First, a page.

So today at work a question came up about were you’re supposed to store your tld file for your JSP tags… in the webroot (ie: wwwroot/mytags.tld) or in the WEB-INF directory. From my work with with JSP and Servlets, I knew that mytags.tld was supposed to go in the WEB-INF directory, but I didn’t know why. So, why is it that way?
JSR-000053 JavaTM Servlet 2.3, page 61 of 257:
“A special directory exists within the application hierarchy named “WEB-INF”. This directory contains all things related to the application that aren’t in the document root of the application. The WEB-INF node is not part of the public document tree of the application. No file contained in the WEB-INF directory may be served directly to a client by the container. However, the contents of the WEB-INF directory are visible to servlet code using the getResource and getResourceAsStream method calls on the ServletContext. Hence, if the Application Developer needs access, from servlet code, to application specific configuration information that he does not wish to be exposed to the web client, he may place it under this directory. Since requests are matched to resource mappings case-sensitively, client requests for ‘/WEB-INF/foo’, ‘/WEb-iNf/foo’, for example, should not result in contents of the web application located under /WEB-INF being returned, nor any form of directory listing thereof.”
Still no mention of the TLD (tag library descriptor), although we now know that the WEB-INF directory is meant to be a secure place for application developers to place code without worrying about it being exposed to client requests.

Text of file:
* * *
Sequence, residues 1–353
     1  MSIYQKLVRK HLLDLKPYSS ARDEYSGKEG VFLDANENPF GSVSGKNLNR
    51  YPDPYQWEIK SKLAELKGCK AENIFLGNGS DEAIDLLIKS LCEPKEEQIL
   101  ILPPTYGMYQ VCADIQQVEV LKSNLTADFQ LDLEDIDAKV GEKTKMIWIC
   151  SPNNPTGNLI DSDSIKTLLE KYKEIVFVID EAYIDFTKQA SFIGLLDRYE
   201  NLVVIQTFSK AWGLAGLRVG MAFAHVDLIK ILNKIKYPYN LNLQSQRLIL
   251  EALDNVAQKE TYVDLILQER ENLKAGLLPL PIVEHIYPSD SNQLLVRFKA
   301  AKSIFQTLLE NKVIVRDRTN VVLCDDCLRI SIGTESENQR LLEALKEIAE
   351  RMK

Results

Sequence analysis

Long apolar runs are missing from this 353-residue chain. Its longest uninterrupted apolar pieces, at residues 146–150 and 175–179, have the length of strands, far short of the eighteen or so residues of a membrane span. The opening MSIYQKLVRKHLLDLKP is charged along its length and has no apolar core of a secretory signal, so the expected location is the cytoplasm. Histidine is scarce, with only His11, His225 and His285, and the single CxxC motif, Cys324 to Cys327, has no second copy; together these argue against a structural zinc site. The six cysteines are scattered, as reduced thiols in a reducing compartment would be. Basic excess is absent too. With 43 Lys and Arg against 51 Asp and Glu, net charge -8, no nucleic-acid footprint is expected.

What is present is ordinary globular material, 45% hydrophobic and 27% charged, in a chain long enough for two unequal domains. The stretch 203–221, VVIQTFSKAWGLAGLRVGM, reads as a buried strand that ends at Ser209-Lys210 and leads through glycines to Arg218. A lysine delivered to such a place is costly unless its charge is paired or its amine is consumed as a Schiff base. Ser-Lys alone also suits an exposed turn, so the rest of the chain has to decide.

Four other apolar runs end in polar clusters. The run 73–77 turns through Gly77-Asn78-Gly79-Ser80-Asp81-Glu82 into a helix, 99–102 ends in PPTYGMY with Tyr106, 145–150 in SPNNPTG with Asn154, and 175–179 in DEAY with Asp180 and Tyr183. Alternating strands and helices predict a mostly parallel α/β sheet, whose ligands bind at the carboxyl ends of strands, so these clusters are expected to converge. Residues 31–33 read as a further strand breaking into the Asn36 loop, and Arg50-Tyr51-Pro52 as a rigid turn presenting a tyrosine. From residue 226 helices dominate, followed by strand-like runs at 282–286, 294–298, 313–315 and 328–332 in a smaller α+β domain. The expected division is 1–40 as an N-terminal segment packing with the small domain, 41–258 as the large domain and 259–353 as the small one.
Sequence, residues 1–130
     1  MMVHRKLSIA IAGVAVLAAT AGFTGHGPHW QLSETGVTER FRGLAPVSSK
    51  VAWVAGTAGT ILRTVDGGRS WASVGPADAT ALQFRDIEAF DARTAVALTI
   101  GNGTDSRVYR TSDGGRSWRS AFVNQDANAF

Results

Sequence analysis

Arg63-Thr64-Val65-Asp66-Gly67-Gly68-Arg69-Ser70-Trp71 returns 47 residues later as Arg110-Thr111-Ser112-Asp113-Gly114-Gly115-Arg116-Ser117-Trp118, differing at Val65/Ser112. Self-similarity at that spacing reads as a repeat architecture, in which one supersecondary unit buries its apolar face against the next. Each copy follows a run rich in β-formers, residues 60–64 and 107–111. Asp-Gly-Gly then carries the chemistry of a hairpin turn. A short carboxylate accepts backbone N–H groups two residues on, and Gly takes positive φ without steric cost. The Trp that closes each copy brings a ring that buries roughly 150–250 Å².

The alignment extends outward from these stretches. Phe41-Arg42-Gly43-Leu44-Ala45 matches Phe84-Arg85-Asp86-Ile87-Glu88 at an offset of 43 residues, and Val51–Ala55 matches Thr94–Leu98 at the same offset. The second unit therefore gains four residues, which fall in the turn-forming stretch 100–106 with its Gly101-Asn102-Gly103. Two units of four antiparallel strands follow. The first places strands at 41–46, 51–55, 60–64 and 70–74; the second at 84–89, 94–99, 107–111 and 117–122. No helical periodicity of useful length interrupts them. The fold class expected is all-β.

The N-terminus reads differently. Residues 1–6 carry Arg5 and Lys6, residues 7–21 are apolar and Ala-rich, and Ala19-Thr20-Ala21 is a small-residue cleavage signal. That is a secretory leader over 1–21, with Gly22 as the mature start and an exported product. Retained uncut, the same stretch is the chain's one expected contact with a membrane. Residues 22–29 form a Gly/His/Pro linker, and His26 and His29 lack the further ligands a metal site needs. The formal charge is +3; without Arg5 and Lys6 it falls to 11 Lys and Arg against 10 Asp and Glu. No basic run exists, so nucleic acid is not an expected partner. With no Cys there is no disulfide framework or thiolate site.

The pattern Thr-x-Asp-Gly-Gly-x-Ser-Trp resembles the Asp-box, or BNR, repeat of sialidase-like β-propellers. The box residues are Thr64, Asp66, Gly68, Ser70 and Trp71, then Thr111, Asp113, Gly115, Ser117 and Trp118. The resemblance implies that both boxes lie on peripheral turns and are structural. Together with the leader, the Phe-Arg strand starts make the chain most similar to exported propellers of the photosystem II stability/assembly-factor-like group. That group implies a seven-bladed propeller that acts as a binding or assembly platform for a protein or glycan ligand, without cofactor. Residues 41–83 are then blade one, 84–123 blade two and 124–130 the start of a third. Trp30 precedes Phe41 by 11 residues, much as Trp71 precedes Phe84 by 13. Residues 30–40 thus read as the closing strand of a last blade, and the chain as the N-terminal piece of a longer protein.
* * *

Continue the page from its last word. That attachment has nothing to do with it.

So then you have to download JavaServer PagesTM 1.2 Specifications, page 112 of 268 says:
“Tag library descriptor files have names that use the extension “.tld”, and the extension indicates a tag library descriptor file. When deployed inside a JAR file, the tag library descriptor files must be in the META-INF directory, or a subdirectory of it. When deployed directly into a web application, the tag library descriptor files must always be in the WEB-INF directory, or some subdirectory of it.”
Ah, so according to the JSP Spec, we have to deploy the .tld file inside WEB-INF. But how are we supposed to reference the taglib once we have it deployed? Page 116 answers that:
“The explicit web.xml map provides a explicit description of the tag libraries that are being used in a web application. The implicit map from TLDs means that a JAR file implementing a tag library can be dropped in and used immediatedly through its stable URIs. The use of relative URI specifications in the taglib map enables very short names in the taglib directive. For example, if the map is:
then it can be used as:
<%@ taglib uri=”/myPRlibrary” prefix=”x” %>
Finally, the fallback rule allows a taglib directive to refer directly to the TLD. This arrangement is very convenient for quick development at the expense of less flexibility and accountability. For example, in the case above, it enables:
<%@ taglib uri=”/WEB-INF/tlds/PRlibrary_1_4.tld” prefix=”x” %>”
Fun for the whole family! Let’s all go and try to use our taglibs now!